By Darryl Sannes and Jeffrey Williams
Minnesota Civil War Commemoration Task Force
Friday marks the 150th anniversary of the famed duel between the ironclad ships, Monitor and Merrimack, and the Battle of Hampton Roads off of Sewell’s Point, Virginia.
Today, Sewell’s Point is better known as the Norfolk Naval Station, the largest naval base in the United States and home to the 75 vessels and 134 aircraft of the U.S. Navy’s Second Fleet, which spreads along 14 piers and 11 aircraft hangers. The U.S. Navy purchased the property as America entered World War I, but its location at the mouth of Hampton Roads proved to be a strategic location in the 1860s, which gave the Confederacy its only major shipyard with thousands of heavy guns, after the U.S. Navy abandoned the shipyard on April 20, 1861. Confederate Brigadier General Walter Gwynn erected batteries at Sewell’s Point to protect Norfolk and Hampton Roads from attack.
At 275 feet long and carrying 42 guns along her hull and deck, plus two 10-inch Dahlgren smoothbore guns in pivot mounts, the U.S.S. Minnesota steam frigate was one of the largest and most heavily armed vessels during the Civil War. It was built in the Washington Navy Yard in 1854, launched in late 1855 and commissioned in 1857 and named for the Minnesota River. The steamship was part of the East India Squadron and visited ports in Japan, China and Hong Kong in 1857 but was soon decommissioned in 1859. It was re-commissioned in 1861 at the start of the Civil War and served as the flagship of the North Atlantic Blockading Squadron. The squadron was commanded by Flag Officer Louis M. Goldsborough, who selected the U.S.S. Minnesota as his flagship.
Seven African-American sailors manned the forward gun of the vessel. This black crew mustered in at Boston, Mass., and included William Brown, Charles Johnson, George Moore, George H. Roberts, George Sales, William H. White and Henry Williams.
While off the Virginia coast at 12:45 p.m. on March 8, 1862, the U.S.S Minnesota and other Union warships encountered three Confederate warships, the ironclad C.S.S. Virginia, more commonly known by her pre-war name, the Merrimack, along with the C.S.S. Jamestown and C.S.S. Patrick Henry. While rounding Sewell’s point and preparing to engage, Gwynn’s batteries opened fire from the point and a shot crippled the Minnesota’s mainmast. The vessel was 1.5 miles from Newport News a short while later when she ran aground because of the low tide.
The Merrimack had already engaged the U.S.S. Congress and U.S.S. Cumberland, proving that wooden ships were no match for the iron-plated vessel, and by 4 p.m., all three Confederate vessels bored down on the helpless Minnesota. She managed to fend off her attackers for the next three hours before the Confederate vessels returned to Norfolk as darkness set in around 7 p.m.
Throughout the night, the ship’s entire crew worked diligently to free her from the mud, to no avail. At 2 a.m., the U.S.S. Monitor, an ironclad vessel in her own right, reported for duty alongside the Minnesota. “All on board felt we had a friend that would stand by us in our hour of trial,” wrote Captain Gershom Jacques Van Brunt, the vessel’s commander, in his official report the day after the engagement.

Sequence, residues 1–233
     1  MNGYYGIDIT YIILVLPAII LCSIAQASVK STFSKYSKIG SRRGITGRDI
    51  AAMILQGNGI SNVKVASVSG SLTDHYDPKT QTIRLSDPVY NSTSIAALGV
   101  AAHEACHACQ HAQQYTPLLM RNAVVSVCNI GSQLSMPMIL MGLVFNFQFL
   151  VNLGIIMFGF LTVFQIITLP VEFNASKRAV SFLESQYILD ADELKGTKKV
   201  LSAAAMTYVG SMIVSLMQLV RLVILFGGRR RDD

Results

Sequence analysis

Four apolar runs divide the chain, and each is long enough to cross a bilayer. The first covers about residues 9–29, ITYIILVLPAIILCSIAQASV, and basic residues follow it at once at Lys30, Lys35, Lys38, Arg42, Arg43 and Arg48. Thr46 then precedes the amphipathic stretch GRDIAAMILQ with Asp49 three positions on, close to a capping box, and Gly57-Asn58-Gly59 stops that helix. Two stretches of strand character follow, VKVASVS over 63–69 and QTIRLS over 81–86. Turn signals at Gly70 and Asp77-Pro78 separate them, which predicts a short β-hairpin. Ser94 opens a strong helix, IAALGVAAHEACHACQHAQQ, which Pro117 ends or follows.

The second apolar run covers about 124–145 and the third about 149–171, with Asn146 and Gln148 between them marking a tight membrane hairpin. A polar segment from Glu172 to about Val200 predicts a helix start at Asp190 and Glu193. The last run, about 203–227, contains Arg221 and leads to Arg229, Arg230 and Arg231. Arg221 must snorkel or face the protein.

By 6 a.m., the Confederate ships were on the prowl again with the Merrimack in the lead. “Again, all hands were called to quarters, and when she approached within a mile of us I opened upon her with my stern guns and made a signal to the Monitor to attack the enemy,” Van Brunt added.
The Merrimack commenced pounding the helpless vessel with shells. “By the time she had fired her third shell the little Monitor had come down upon her, placing herself between us, and compelled her to change her position, in doing which she grounded, and again I poured into her all the guns which could be brought to bear upon her,” wrote Van Brunt.
The hunter soon became the prey. Gwynn’s shore batteries then fired upon the Monitor, causing extensive damage which forced the Federal ironclad to flee to Fort Monroe for safety. By midday, it appeared that the Merrimack was about the re-engage the crippled ship, but it, too, had extensive damages and was forced to head for Craney Island instead, leaving the Minnesota alone.
Without the harassment from the Confederate warships, the Minnesota was pulled to deeper water at 2 a.m. on the morning of March 10. After extensive repairs, it was able to serve during the balance of the war.
During the two-day engagement, the U.S.S. Minnesota shot off 78 rounds of 10-inch solid shot; 67 rounds of 10-inch solid shot with 15-second fuse; 169 rounds of 9-inch solid shot; 180 9-inch shells with 15-second fuse; 35 8-inch shells with 15-second fuse and 5,567.5 pounds of service powder.
Three crew members, Alexander Winslow, Henry Smith and Dennis Harrington were killed during the battle and 16 were wounded. Despite having the same name as the state, an examination of the ship’s roster shows that there were no Minnesotans aboard the frigate. Most of the crew were English and Irish immigrants with a few from Canada, Finland, Norway and Sweden, with the remaining crew members from the East Coast.
Generations of schoolchildren were brought up with the stories of the great battle between the ironclads Monitor and Merrimack, while the target of one ironclad and the protectorate of the other, the U.S.S. Minnesota, often gets overlooked.
NOTE: The Minnesota Historical Society has the steering wheel from the U.S.S. Minnesota in its artifact collection.